Explainer: How a lightning strike can lead to a manhole explosion
SINGAPORE — It takes a perfect storm of foul circumstances — a lightning strike, insufficient cable shielding, and a build-up of combustible gases or aerosols in a tight space — to cause a manhole explosion such as the one in Bukit Batok on Tuesday morning (Aug 24), engineers said.
- On Aug 24, an in-car camera captured a flash of light followed by an exploding manhole in Bukit Batok
- Such incidents are rare in Singapore, but do happen since the country is lightning-prone
- This was a perfect storm of conditions, one expert said
- Three conditions or elements must exist for a manhole explosion to occur: Fuel, oxygen and an ignition source
SINGAPORE — It takes a perfect storm of foul circumstances to cause a manhole explosion such as the one in Bukit Batok on Tuesday morning (Aug 24), engineers said, and they are a lightning strike, insufficient cable shielding, and a build-up of combustible gases or aerosols in a tight space.
These occurrences do happen overseas but are relatively rare here, they told TODAY when asked about the flash fire near a multi-storey car park at Block 439, Bukit Batok West Avenue 8.
A 25-second video from a car’s in-vehicle camera showed a flash of white light immediately before the incident.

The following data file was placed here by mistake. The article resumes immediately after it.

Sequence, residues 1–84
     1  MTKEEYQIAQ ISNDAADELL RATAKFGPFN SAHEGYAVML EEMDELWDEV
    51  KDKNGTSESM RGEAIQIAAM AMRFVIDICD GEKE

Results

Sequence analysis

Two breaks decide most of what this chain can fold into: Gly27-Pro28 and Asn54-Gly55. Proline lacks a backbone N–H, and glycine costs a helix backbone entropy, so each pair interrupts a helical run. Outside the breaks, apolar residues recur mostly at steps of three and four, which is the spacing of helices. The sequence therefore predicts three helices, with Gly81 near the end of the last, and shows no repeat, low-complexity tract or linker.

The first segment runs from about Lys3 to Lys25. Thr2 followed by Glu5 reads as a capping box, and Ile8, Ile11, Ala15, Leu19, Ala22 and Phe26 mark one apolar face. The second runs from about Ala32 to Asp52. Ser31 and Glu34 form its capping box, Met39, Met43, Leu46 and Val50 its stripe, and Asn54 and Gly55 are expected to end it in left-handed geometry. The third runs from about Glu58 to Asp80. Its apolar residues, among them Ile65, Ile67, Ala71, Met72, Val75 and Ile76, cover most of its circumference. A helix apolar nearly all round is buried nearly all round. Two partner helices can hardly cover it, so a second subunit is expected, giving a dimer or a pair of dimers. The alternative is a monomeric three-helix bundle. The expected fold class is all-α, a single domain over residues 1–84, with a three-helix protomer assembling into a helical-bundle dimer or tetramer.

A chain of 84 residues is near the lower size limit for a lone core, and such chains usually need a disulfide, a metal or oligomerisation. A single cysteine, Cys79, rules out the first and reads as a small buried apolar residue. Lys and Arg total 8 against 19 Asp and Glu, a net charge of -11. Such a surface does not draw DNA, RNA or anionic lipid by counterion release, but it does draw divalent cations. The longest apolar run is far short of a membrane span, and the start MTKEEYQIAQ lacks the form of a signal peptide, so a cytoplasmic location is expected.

Fortunately, despite the force of the blast throwing bricks and the manhole cover into the air, no one was injured. The manhole was maintained by a telecommunications company.
While uncommon, such incidents may still happen in lightning-prone Singapore, and it is why the authorities have to properly investigate to determine if this was an isolated incident or otherwise, the experts said.
WHY MANHOLES BLOW UP DURING A LIGHTNING STORM
Analysing the video, Emeritus Professor Liew Ah Choy, a lightning protection expert, said that the flash of white light was likely to be a lightning strike at one of the buildings there, noting that a real-time lightning tracker by the National Environment Agency registered a strike in the vicinity at around 8.40am that day — believed to be about the same time as the camera footage.
Emeritus Prof Liew, who is from the National University of Singapore’s department of electrical and computer engineering, said: “It was likely to be a perfect storm of elements — lightning hit the building, the electrical current flowed into the ground, spread into the manhole and led to the explosion.”
While investigations into the Bukit Batok explosion are still ongoing, three experts interviewed by TODAY offered explanations as to how manholes can explode in such a fashion.
Professor Lock Kai Sang from the Singapore Institute of Technology’s engineering cluster said that three conditions or elements must exist for a manhole explosion: Fuel, oxygen and an ignition source.
“The fuel could be carbon monoxide due to ageing and decay of insulation materials of cables, and methane gas due to decomposition of biological wastes. The ignition source could be a lightning incident or a spark created by cable fault,” he said.